And if you are ok with that, then ok. Who am I to say that being utilitarian once in awhile is not a good thing? After all, it was the right decision for Jean Valjean….
And who’s to say that a Republican President and Congress won’t be good for the country? After all, it wasn’t like I was a big Clinton supporter, either. Actually (full disclosure), I didn’t even vote (as our absentee ballots “somehow” never found their way to us in Kenya).
But voting for Trump would not have been an option for me (Evan McMullin, maybe?). So now, I am in that small minority (20%) of white evangelical Christians who was not able to bring myself to “get on board” with this man. Somehow, I just couldn’t bring myself to believe that “praying for a Trump win” was the right thing to do, especially as a Christian; especially for me.
“When someone shows you who they are, believe them the first time” (Maya Angelou).
I did. And I still do; which puts me squarely in the deontological camp concerning Mr. Trump.
Integrity….mine….was on the line. I could not vote for him and still be morally congruent with myself.
But…now that this election is over, how can I get past who this man is? I don’t know. Prayer will help; and time will surely tell all of us what kind of POTUS he will be. And yes, I believe that I can at least try to give him a chance.
In the latest Christianity Today (“Trump Won. Here’s How 20 Evangelical Leaders Feel”, Nov 11, 2016), Justin Taylor (author/blogger of “The Gospel Coalition”) wrote these words:
“I feel relief Hillary Clinton will never nominate a Supreme Court justice. I feel empathy for those evangelicals who voted for Trump on the calculus of the better of two bad choices, but I feel great frustration at evangelical leaders who excused his many sins, distorted the gospel, and tried to make a positive case for Trump’s virtues as commander in chief. I feel a deep sadness for our minority brothers and sisters who feel further alienation from white evangelicals who excused or ignored Trump’s racism and misogyny.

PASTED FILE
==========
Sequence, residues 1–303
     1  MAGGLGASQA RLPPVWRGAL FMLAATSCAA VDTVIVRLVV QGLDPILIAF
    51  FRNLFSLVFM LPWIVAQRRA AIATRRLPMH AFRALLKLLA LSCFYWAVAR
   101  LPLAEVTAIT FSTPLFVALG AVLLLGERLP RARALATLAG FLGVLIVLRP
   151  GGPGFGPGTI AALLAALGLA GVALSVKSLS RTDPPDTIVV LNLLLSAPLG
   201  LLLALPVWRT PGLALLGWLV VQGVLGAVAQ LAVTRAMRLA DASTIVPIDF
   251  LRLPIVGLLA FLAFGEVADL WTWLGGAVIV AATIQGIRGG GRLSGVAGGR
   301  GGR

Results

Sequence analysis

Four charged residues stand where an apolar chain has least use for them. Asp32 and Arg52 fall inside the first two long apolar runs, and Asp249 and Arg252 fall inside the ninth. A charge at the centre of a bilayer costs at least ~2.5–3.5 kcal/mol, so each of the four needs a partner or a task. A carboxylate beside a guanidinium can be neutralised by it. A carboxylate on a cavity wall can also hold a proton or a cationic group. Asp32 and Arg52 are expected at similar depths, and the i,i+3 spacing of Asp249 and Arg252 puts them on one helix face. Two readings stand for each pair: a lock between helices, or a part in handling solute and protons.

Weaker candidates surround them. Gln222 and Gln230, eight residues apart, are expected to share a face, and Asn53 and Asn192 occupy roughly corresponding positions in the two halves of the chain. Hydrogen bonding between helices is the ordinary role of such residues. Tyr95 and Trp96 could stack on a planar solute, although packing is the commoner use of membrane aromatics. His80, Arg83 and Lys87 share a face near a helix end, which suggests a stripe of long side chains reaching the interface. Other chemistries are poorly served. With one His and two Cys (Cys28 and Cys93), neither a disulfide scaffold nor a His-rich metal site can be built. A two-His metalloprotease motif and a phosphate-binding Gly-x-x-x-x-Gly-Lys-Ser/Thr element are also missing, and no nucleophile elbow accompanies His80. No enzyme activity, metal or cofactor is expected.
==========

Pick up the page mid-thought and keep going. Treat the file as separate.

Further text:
[But], finally, I feel hope. We do not put our trust in such rulers, but in the reign of our Lord (Ps. 146), praying for our leaders so that we would be free to live peaceful, quiet, godly, dignified lives for the earthly and eternal good of our neighbors (1 Tim. 2:1-2).”
Yes, ok. I can resonate with this…
“Elections have consequences. Yet I’m much more interested in the church—my church and the Church. Our fidelity to biblical truth, our personal holiness, our sincerity, our consistency, our ability to speak with grace and truth, our unwillingness to confuse the kingdom of this world with the kingdom of Christ, our realism in the midst of utopian promises, our hope in the midst of fear and loathing, our winsome witness to the gospel—to embody these realities week after week is more important than what happens” on election day.
Yes. Christians, whether we voted as utilitarians or deontologists, and no matter which candidate would have won this long, tiring, and contentious election, we must, for the sake of our country and in order to be a credible, life-changing Church in a world that desperately needs it, put aside our differences and come together.
We must all, once again, commit to acting and behaving like the body of Christ.
We must try our best, with God’s help and by His grace, to do the right thing.